Uber sends thousands of Jump e-bikes to the recycling heap

The move comes after Uber sold its bike division to Lime.
Jen Diaz
J. Diaz|05.28.20

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Jen Diaz
May 28, 2020 7:35 PM
In this article: lime, Jump, e-bikes, recycling, Uber, news, gear
PARIS, FRANCE - MAY 14: An Uber Jump bike and Velib Metropole self-service public bikes are parked at a distribution point during the Coronavirus (COVID-19) pandemic on May 14, 2020 in Paris, France. Paris mayor Anne Hidalgo has launched a policy to promote the circulation of bikes in Paris. France is slowly reopening after almost two months of strict lockdown throughout the country due to the epidemic of coronavirus (COVID 19) on May 14, 2020 in Paris, France. The Coronavirus (COVID-19) pandemic has spread to many countries across the world, claiming over 300,000 lives and infecting over 4.4 million people. (Photo by Chesnot/Getty Images)
Chesnot via Getty Images

Uber has sent thousands of electric bikes to be recycled for scrap as part of handing operations of their Jump e-bike division to scooter-sharing company Lime. The rideshare giant said it would be too difficult to donate these bikes because of safety and liability concerns. A spokesman told CNBC “the best approach was to responsibly recycle them,” while video posted on Twitter from a North Carolina recycling center shows the candy red bikes being crushed as scrap metal. 

Earlier this month, Uber led a $170 million dollar round of investment in scooter sharing company Lime. As part of this investment, Lime took ownership of thousands of newer Jump bikes, but they aren’t the ones sending these bikes to the crusher. “We have not recycled any of the Jump e-bikes in our fleet and are committed to scaling and operating them during this critical time,” a Lime spokesperson told CNBC. “We plan to work with Uber to find sustainable ways to donate and re-use any remaining e-bikes in their inventory.”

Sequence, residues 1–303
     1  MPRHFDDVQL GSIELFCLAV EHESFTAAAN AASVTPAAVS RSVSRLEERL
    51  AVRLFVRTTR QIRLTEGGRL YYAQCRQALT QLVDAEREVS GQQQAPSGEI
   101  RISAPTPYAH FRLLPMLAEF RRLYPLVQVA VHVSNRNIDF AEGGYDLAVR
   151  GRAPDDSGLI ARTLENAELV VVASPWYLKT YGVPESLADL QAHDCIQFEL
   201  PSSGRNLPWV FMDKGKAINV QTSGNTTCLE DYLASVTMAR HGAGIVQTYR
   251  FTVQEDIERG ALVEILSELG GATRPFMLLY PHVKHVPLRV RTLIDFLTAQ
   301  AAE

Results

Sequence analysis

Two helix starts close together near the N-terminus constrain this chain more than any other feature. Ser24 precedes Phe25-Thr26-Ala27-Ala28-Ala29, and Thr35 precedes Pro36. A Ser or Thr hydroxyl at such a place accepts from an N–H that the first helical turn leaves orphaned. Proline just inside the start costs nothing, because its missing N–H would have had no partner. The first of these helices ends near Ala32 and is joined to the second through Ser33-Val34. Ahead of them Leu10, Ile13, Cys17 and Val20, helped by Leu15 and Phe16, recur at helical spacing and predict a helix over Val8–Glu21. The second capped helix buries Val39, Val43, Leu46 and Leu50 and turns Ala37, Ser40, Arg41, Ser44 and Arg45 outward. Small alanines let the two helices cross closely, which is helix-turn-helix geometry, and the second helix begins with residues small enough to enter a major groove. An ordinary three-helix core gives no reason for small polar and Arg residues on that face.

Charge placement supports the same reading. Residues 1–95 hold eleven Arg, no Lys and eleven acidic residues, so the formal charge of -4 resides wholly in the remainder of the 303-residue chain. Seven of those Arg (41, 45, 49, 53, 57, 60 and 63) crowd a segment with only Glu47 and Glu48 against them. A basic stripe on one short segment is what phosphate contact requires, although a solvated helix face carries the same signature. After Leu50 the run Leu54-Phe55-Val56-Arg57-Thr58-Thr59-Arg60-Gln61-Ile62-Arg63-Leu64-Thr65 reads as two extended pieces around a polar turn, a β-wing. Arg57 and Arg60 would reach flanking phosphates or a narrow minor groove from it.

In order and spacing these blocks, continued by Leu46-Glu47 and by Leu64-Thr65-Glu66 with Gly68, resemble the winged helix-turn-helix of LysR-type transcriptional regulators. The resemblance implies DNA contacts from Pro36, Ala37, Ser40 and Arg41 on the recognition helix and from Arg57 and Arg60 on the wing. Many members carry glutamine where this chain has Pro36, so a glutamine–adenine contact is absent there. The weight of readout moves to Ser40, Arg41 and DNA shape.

An Uber spokesperson told CNBC: “We explored donating the remaining, older-model bikes, but given many significant issues -- including maintenance, liability, safety concerns, and a lack of consumer-grade charging equipment -- we decided the best approach was to responsibly recycle them.”

Bike Share Museum shared a photo of Seattle’s Jump fleet: dozens upon dozens of e-bikes, with their Li-Ion batteries removed, ready to be sold for scrap. An e-bike without a battery is simply a regular analog bicycle; these bikes could be ridden as normal, even with the electronics still in place. 

Lime partners with a number of organizations that have a vested interest in promoting bike-friendly streets and micromobility access, like the Los Angeles County Bicycle Coalition, Denver Streets Partnership and Seattle Neighborhood Greenways. Bike Durham, a North Carolina biking advocacy group, said on Twitter that they would be happy to take on these Jump bikes: “Our local bike co-op @DurhamBikeCoOp has been able to re-purpose many old @ridespin bikes that were donated. Contact us @Uber!  Let’s make better use of these bikes.” It’s hard to imagine any of these organizations couldn’t find a better use for thousands of e-bikes, even if they weren’t in perfect shape. 

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